“The legacy of sound system culture is inescapable when it comes to modern bass driven genres. It’s imprinted everywhere!”
“It has been a pleasure to play for you tonight and to carry on the spirit of the music I live for over to you. Keep on skanking and give thanks to the most I Selassie.” These are the words of Ras Kayleb, MC for Channel One Sound System one of the UK’s best known and respected Reggae sound systems as they signed off their set at the New Year’s Eve special of South Coast based event Dub Optic. Minutes later, the crowd that had spent the last hour gently vibing to the tender, purifying sounds of Jamaica erupted into a chaotic flailing frenzy as the fast-paced electrifying noise of Drum & Bass bellowed from the speakers. So how do these drastically different musical styles co-exist hand in hand under the same roof and connect with the same audience? The short simple answer is that the soul and fundamentals of sound system culture are embedded deep into the music that dominates the UK club scene today.
Sound systems started appearing in the ghettos of Kingston in the ‘50s. Crews of people would build these systems from scratch, out of wooden boxes, speakers, generators, turntables and stacks of Rhythm & Blues records to host street parties, attracting huge sounds. As the popularity of these systems increased so did the number of competing sounds, creating rivalries between different systems, most notably between Coxsone Dodd’s ‘Downbeat’ and Duke Reid’s ‘Trojan’. Having new music was integral to the popularity of a sound and it was this push for fresh sounds that lead musicians to bring their own local flavour to the American imported R&B resulting in the birth of Ska which continued to develop into Rocksteady, Reggae and eventually Dub.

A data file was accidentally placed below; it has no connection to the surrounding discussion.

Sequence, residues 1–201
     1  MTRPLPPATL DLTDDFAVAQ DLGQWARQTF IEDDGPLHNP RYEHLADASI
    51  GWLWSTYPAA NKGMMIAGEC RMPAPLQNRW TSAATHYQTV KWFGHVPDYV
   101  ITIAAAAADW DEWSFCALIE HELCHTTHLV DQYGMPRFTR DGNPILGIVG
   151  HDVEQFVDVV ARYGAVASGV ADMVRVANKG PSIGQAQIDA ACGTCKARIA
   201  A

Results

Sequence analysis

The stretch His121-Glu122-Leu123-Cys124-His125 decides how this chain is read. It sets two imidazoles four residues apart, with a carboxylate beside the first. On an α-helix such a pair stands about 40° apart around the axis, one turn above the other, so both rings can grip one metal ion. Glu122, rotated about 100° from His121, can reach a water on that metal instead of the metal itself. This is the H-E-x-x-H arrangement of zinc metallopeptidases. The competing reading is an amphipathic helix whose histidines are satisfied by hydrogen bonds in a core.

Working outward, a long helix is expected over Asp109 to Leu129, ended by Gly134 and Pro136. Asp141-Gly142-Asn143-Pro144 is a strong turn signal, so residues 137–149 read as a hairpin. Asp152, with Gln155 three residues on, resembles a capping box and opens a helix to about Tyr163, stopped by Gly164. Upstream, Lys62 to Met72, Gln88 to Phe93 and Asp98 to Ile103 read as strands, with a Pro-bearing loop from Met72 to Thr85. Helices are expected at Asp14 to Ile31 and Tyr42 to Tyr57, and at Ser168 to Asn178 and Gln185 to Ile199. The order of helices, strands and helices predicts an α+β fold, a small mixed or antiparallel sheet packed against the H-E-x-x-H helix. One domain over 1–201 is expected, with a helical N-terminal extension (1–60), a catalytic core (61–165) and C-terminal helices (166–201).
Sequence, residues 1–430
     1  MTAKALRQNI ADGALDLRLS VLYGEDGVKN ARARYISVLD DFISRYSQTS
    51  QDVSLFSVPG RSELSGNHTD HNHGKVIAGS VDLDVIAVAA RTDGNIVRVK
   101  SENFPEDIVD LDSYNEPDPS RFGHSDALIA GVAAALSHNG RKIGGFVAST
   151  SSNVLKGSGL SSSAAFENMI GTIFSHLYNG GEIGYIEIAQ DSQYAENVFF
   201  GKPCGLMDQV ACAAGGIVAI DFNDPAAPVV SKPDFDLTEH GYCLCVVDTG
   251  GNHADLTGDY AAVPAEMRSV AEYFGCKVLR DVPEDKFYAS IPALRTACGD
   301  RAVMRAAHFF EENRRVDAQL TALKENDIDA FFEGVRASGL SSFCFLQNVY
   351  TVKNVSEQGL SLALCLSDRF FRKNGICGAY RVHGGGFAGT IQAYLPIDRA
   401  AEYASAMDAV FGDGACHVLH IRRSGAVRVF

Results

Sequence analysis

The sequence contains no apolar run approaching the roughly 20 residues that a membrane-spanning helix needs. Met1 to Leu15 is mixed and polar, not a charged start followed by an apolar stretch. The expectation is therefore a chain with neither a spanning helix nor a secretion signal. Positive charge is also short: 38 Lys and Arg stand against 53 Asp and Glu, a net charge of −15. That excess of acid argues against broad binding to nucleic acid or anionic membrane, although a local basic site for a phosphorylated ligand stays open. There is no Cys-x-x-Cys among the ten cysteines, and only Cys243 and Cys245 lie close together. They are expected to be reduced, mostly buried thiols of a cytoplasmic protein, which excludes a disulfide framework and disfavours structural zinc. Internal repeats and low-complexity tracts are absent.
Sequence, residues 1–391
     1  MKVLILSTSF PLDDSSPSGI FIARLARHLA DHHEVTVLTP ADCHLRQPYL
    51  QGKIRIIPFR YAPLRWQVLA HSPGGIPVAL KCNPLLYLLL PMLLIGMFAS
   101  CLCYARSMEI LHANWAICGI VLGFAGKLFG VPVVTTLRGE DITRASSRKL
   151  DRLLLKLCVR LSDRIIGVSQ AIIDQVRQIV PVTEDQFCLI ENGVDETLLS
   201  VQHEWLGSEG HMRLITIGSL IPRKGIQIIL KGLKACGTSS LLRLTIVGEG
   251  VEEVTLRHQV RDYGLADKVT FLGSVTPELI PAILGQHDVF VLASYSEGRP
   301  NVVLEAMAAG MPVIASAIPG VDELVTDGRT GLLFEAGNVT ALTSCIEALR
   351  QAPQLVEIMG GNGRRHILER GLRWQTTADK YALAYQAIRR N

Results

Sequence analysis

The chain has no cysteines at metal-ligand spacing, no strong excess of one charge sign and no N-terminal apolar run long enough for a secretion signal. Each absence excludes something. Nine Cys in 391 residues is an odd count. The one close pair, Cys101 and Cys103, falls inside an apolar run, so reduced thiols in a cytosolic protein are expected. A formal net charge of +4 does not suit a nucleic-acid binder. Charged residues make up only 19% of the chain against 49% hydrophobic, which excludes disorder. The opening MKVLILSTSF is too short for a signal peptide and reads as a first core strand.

Flash forward to the ‘60s and the influx of Jamaican immigrants to the UK saw the formation of several local based sound systems.
“If you were West Indian back in the day, you weren’t going to be hearing any Reggae in any clubs,” recalls Laurie Jago, co-founder of dance label ‘Production House Records’ and former operator of ‘6×6 Roadshow’ a sound system that had played at the Notting Hill Carnival. “There was nothing on an entertainment basis geared around them so obviously people started to make their own sounds.”
Rave culture came to prominence in the late ‘80s and early ‘90s and the scene thoroughly embraced the sound system ethos. UK based systems such as Desert Storm and Spiral Tribe began to hold free events focused around the emerging sound of Acid House. Just like Ska developed into Reggae, so did the newly developed electronic styles. Hardcore came to fruition, which was followed shortly after by Jungle. “Jungle is essentially Dub sped up to 170 BPM with old school drums over it,” thinks Techno DJ Arcane.”
So how has the modern UK club scene been influenced by sound system culture?
“You can see when you go out to a club event, several elements are connected directly to sound system culture,” thinks Mandeep Samra, curator of the heritage project ‘Sound System Culture: Celebrating Huddersfield’s Sound Systems’. “The big speakers, the placement of them, a emphasis on the way sound travels around the place. These are all things that sound men were doing back in the day. The chanting on the mic, just like mic men did over roots music. That style has had an impact on many other genres and the style in which the music is presented.”
“The UK club scene is very much dictated by bass,” says Arcane. “You can see a direct influence from Reggae and Dub on the dance music coming out of the UK through this abundance of bass.”
Whilst the uplifting and cathartic power of Reggae and Dub is unquestionably universal, its journey to the speakers at a bass music event near you can be accredited to one man. David Rodigan MBE. The DJ has been championing Reggae music since the ‘70s and has been welcomed into the scene with open arms by a new generation of ravers and DJs. “He has an absolute passion for the music and he knows it inside out,” says Laurie Jago.”
The last few years have seen events such as Bristol’s ‘Teachings in Dub, Leeds’ ‘SubDub’ and Bournemouth’s Dub Optic mentioned earlier, have emerged. These events channel the essence of traditional sound systems to showcase new movements in bass music. “The legacy of sound system culture is inescapable when it comes to modern bass driven genres,” remarks Laurie Jago. It’s imprinted everywhere!”